Stations. 42 p. (In Spanish.)'
Livestock, meats, and wool market statistics and related data, 1943. 104 p.
Office (if l)istributiou. (CS-8.) Price 200.
Lunch at school. [6 p.] Office of Distribution. (NFC-9, rev.)
Mexican fruitfly quarantine. Buretau of Entomology and Plant Quarantine.
Effective July 3, 1941. 4 p. (B13. E. P. Q.-Q. 64.)1
National wartime food guide. Office of Distribution. Illus. (NFC-4, rev.)
Physical land conditions in Muskingum and Guernsey Counties, Ohio. C. L.
Whiteford. A. H. l'Pnschall, and E. C. Sease. Soil Conservation Service. 61 p.,
illus. (Physical Laud Survey No. 32.) Price 35,. For sale only.'
Free distribution of ppriodicals Is definitely restricted. They may be obtained by pur-
cha.e or suilscrip)tioin from the Superltilendent of Documents.
Agricultural situation. Vol. 28. No. 8, August 19-14. Price 54 a copy; 504 a year,
domestic; 700 a year, foreign.2
Agriculture in the Americas. Vol. IV, No. 8. August 1944. Price 100 a copy;
750 :a year, domestic; $1.20 a year, foreign.2
Bibliography of agriculture. Vol. 5, No. 2, August 1944. 354 a copy, $3.75 a year,
domestic; 450 a copy, $4.75 a year, foreign.'
Consumers' guide. Vol. X. No. 9, August 1944. Price 50 a copy; 500 a year,
domestic; 700 a year. foreign.'
Extension service review. Vol. 15, No. 8, August 1944. Price 100 a copy; 754
sa year, domestic; $1.15 a year, foreign.'
Foreign agriculture. Vol. 8, No. 8, August 1944. Price 100 a copy; $1.00 a year,
domestic; $1.60 a year, foreign.'
Journal of agricultural research. Price $2.25 a year, domestic; $3.75 a year,
foreign. Each- issue, 10f. domestic; 200, foreign. Separates, 54, domestic:
8, I'oreilgn.' Not distributed free to Individuals.
or primary interest to nvrlculiiir:l scientists and advanced student, only. Issued
In 2 volumes n year of 12 iminrl)prs each. Free distribution is limited to certain
libraries and to Insttlutlons or deparirnents doing research work.
Separates. A small supply of each separate Is given to the originating bureau or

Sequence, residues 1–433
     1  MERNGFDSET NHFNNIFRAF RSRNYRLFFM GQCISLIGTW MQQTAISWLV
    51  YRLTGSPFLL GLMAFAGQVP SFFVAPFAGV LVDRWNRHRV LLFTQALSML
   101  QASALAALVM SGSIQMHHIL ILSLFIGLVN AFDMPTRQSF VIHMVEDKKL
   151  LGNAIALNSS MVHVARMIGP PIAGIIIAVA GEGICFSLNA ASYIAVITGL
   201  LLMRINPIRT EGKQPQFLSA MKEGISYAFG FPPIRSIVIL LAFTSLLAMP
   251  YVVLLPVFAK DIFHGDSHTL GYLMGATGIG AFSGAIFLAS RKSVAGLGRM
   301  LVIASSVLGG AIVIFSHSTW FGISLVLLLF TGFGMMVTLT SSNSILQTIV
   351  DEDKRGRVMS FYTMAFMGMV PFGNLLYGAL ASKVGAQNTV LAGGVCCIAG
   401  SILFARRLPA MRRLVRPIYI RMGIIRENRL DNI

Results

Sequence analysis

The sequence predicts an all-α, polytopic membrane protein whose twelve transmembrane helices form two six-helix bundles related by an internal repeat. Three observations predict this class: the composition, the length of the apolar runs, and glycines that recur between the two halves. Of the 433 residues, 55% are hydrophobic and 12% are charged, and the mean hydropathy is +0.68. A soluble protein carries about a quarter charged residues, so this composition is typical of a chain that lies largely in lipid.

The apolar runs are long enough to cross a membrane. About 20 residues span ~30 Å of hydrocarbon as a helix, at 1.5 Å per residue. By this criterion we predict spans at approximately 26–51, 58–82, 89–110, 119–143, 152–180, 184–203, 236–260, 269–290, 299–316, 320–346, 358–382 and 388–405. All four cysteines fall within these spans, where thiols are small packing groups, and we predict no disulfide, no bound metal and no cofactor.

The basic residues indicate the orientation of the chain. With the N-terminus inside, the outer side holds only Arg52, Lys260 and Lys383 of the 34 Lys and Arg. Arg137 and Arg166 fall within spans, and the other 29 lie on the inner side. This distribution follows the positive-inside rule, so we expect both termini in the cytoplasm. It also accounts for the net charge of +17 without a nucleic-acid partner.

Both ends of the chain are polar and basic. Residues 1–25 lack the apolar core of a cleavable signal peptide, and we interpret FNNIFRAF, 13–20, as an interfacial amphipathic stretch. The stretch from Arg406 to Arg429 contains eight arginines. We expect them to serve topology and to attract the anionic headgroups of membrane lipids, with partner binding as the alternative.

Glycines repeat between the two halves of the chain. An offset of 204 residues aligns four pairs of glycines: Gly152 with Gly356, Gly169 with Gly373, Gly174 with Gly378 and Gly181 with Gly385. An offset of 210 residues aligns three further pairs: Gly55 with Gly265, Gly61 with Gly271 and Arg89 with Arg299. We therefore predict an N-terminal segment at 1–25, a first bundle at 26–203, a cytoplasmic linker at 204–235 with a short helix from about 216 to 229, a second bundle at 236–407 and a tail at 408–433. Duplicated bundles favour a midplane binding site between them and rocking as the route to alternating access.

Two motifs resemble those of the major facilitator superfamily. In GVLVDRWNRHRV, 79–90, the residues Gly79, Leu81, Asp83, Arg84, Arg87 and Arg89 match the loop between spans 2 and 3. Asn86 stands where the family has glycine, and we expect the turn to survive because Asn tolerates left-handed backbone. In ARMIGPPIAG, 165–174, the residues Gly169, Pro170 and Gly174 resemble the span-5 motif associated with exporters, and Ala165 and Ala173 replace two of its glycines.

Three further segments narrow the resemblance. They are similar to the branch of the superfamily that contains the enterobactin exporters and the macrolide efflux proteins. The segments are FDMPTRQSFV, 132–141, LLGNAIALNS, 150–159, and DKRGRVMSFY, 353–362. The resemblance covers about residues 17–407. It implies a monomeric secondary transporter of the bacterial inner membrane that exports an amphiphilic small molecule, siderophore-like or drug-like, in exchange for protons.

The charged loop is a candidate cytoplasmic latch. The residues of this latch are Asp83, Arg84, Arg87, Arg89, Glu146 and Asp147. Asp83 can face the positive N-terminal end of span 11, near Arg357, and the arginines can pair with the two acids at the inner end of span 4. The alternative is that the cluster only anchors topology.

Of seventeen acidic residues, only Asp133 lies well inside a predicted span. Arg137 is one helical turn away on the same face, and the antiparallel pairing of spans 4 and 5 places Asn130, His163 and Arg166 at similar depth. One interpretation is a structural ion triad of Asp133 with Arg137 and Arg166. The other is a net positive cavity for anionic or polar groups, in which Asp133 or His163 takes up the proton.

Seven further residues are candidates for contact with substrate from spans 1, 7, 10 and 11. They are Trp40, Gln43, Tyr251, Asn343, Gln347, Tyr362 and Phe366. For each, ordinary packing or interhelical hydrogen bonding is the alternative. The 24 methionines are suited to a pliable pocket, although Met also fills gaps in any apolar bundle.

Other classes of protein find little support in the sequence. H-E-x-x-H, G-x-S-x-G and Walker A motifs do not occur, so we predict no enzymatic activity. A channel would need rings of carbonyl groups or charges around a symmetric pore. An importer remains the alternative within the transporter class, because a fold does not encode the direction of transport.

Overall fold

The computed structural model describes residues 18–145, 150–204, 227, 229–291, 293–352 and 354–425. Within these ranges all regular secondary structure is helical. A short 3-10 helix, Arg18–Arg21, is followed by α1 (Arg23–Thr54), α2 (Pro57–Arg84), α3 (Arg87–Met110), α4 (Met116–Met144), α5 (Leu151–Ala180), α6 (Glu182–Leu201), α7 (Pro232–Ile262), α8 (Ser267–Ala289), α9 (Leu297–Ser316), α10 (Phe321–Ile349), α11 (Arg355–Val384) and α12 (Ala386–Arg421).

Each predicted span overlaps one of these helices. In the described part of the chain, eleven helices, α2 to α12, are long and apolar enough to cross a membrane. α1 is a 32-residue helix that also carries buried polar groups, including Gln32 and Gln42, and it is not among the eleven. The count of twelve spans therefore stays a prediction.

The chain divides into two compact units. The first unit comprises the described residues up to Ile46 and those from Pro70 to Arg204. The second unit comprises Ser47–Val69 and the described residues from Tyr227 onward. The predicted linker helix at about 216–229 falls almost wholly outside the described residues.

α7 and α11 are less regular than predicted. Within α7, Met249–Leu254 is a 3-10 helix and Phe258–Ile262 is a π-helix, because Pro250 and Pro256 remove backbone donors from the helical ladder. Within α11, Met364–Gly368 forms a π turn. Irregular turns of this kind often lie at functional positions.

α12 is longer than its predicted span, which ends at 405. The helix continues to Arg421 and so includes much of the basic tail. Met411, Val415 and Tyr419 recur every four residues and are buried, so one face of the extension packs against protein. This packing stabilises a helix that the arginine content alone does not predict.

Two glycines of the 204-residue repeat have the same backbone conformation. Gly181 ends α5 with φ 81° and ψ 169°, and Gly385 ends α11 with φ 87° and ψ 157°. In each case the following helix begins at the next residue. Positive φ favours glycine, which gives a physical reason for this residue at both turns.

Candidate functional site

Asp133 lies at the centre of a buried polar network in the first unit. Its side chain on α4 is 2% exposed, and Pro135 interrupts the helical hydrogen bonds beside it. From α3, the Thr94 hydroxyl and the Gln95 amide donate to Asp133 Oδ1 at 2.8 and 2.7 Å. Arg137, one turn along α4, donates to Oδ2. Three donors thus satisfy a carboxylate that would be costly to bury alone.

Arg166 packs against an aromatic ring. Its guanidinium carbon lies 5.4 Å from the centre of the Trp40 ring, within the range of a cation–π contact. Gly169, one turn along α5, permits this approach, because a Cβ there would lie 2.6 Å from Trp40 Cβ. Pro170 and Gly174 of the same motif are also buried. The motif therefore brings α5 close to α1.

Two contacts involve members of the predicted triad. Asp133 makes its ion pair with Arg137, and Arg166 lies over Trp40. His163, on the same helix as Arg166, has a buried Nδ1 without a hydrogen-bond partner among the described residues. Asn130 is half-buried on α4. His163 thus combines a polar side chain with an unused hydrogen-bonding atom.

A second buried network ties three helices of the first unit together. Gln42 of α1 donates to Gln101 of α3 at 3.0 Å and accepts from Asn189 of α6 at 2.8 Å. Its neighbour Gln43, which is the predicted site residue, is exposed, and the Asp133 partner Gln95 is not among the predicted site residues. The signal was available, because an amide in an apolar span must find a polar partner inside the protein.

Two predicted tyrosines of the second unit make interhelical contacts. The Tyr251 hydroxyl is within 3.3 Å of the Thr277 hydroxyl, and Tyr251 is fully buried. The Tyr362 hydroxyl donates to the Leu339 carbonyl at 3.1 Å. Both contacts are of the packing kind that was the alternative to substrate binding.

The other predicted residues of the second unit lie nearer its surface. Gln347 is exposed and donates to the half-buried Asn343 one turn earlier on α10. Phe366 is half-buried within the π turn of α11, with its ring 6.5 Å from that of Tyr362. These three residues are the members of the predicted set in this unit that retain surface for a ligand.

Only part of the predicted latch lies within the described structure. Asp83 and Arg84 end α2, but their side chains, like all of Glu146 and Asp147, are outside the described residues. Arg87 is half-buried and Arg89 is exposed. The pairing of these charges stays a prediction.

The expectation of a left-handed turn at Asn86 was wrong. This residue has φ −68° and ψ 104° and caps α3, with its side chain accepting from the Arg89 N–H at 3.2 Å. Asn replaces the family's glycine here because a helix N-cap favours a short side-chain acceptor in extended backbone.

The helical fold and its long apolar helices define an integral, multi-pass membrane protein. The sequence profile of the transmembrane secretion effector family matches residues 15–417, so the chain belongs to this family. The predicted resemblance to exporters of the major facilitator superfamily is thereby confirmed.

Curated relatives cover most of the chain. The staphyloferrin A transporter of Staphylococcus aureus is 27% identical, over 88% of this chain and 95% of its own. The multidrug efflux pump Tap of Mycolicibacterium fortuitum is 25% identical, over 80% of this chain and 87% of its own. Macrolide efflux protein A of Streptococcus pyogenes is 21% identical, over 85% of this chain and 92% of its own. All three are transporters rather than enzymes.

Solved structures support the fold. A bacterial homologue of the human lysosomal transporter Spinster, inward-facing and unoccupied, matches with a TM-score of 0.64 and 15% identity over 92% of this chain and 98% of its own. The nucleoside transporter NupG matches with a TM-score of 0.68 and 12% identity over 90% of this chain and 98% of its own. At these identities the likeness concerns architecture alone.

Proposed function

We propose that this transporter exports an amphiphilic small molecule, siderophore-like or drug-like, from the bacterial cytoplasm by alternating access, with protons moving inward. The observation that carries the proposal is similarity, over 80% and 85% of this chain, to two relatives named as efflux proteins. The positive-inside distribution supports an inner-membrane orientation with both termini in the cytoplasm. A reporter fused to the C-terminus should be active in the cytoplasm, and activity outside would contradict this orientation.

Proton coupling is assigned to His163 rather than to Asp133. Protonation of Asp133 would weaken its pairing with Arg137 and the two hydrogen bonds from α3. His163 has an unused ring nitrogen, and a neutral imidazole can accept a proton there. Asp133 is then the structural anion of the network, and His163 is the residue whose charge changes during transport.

stntlon for IIR stafutf, conioperators, tad tor siuch other distribution as can be made.
Others interested may purchase copies from the Superintendent of Documents, flovern-
ment Printing Office, Washington 25, D. C., at 50 each. The Office of Information has
none for general distribution.
May be obtained from the issuing bureau.
Payable to the Superintendent of Documents. Government Printing Office, Washington,
25. D. C.
Vol. 69, No. 4. August 15, 1.44. Illus. Contents:
Relation of cultivation to depletion of root reserves in European bindweed at different soil
horizons (Key No. lowa-33). A. L. Bakke, W. G. Gaessler, L. M. l'ultz, and S. C.
Additional strains of the sugar-beet curly top virus (Key No. G-1306). N. J. OGidldings.
Biology of Allotropa burrelli, a gregarious parasite of Pseudococcus comstocki (Key No.
SK-329). I). \V. Clhan-y.
For the present the policy has been adopted of issuing separates in advance of the Journal
numbers in which they will appear. The following separates are accordingly available
by plim-rhalmse now.
Acquired immunity from curly top in tobacco and tomato (Key No. G-1310). Pp. 187-214,
illus.. frumi Voil. (U. Nu. 5. James M1. Wallace.
Additional strains of the sugar-beet curly top virus (Key No. G-1306). Pp. 149-157,
illus., from Vol. 09. No. 4. N. J. Gihlings.
Moisture retention by some irrigated soils as related to soil-moisture tension (Key No.
G-1309). Pp. 215-235, illus., from Vol. 69, No. 0. L. A. Richards and I. R. Weaver.
News for farmer cooperatives. Vol. 11, No. 0, September 1944. Price 104 a
copy; $1.00 a year.
Rural electrification news. Vol. 9, No. 12, August 1944. Price 100 a copy; 754
a year, domestic; $1.15 a year, foreign.'
Soil conservation. Vol. X-No. 2, August 1944. Price 104 a copy; $1.00 a year,
domestic; $1.50 a year, foreign.'
NATIONAL NUTRITION PROGRAM
The big offensive in the battle against malnutrition will begin in September
when the Nation's Food Fights For Freedom Program turns its attention to good
While similar programs carried out in the months past have stressed rationing,
price lists, Victory Gardens, food conservation and preservation, ind Crop Corps,
now the emphasis furns to making that food which was produced, preserved, and
conserved do a more thorough job of feeding America.
In this, the third year of America's participation in the war, there is a deeper